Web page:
Kanom krok are puffed cakes cooked in pans in Thailand. They are very small, about 2 to 3 cm (1 inch) wide. They are crispy on the outside, soft on the inside.
They can be savoury or sweet. They are eaten at breakfast and for snacks.
The batter is made from rice flour and coconut milk.
They are topped with a sweet coconut cream mixture, plus a savoury topping such as shrimp, chiles, caramelized peanuts, corn, chopped green onion, etc.
In markets, vendors cook them in special pans over charcoal burners. Many vendors have a secret ingredient that they also add — for some, it is a soft drink such as Sprite (sic.)
In Thailand, ready-to-mix kanom krok flour is sold. You just add water.
You cook then in a kanom krok pan, heating the pan and greasing the cups first before adding the batter. The pan should be hot enough that the batter will sizzle when put in. You fill each cup about two-thirds full because the batter will rise as it cooks, and cover the pan with a lid.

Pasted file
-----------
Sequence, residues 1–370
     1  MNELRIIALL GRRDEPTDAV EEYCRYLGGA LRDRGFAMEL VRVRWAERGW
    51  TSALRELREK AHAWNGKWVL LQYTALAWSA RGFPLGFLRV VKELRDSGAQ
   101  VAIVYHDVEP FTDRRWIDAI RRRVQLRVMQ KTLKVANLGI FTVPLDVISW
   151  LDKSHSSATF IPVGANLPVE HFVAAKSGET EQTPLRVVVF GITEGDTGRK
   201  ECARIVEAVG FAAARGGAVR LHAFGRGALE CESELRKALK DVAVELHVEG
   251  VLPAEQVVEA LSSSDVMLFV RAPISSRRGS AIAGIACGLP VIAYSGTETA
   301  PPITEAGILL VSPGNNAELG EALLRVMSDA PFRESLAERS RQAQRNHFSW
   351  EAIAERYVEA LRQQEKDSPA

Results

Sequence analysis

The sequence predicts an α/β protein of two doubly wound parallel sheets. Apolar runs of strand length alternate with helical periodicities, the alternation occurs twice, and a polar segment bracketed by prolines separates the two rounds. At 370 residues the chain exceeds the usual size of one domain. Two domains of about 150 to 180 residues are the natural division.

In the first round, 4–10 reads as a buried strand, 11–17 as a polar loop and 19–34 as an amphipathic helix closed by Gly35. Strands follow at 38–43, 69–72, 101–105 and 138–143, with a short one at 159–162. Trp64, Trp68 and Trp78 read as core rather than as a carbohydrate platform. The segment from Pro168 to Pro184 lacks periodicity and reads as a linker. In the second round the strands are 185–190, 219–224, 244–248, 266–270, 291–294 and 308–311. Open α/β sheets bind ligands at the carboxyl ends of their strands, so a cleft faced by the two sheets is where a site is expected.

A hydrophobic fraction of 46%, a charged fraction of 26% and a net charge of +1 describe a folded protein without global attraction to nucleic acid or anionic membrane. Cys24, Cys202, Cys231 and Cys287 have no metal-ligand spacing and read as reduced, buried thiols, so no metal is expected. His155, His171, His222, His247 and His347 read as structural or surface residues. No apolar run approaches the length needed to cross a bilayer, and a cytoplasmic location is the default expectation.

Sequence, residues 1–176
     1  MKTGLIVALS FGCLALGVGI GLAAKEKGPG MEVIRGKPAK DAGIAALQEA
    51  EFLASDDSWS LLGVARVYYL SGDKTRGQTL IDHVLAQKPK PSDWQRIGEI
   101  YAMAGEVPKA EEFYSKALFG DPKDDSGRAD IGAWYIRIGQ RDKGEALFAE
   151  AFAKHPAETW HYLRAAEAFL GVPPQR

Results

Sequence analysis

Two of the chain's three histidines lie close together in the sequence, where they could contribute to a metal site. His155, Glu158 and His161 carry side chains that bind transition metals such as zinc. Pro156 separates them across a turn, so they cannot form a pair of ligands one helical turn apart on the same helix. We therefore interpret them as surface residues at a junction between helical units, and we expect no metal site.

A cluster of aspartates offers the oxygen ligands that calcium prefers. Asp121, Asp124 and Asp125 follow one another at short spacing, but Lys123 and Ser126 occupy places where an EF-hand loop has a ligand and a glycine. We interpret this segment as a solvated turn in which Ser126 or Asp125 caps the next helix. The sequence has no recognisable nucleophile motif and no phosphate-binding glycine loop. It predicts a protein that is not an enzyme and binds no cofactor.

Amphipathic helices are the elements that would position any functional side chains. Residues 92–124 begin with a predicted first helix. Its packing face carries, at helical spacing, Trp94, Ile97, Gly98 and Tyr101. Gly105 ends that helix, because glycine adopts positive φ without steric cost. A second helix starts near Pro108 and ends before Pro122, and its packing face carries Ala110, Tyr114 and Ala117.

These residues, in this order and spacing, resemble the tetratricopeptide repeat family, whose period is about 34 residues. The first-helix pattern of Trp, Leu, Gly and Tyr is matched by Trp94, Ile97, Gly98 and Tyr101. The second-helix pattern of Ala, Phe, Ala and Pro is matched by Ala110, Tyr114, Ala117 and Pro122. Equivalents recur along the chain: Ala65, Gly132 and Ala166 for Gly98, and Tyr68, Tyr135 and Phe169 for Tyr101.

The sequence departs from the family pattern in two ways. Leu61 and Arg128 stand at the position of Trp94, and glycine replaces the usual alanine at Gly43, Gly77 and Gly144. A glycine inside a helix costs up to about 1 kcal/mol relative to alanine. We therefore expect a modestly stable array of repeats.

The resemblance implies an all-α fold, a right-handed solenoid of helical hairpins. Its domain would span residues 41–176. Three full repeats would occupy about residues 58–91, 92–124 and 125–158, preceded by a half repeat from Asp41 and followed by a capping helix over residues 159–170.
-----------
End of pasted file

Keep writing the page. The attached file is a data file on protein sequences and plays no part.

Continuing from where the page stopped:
Before the batter sets completely, you sprinkle any topping on.
The batter cooks quickly. When they are half done, you use a skewer, a knitting needle or a bamboo stick to rotate them in the holes so that the uncooked top will be on the bottom and cook.
Two cooked halves are put together to make a full, round one.
They are similar to Danish aebleskivers.
Kanom krok are very inexpensive on the street, made fresh and sold by street vendors. They used to be sold wrapped up in a banana leaf; now they are put in styrofoam containers instead.
The word “kanom”, also spelled khanom, is placed at the beginning of the name of a dish to indicate the food item is a dessert or snack.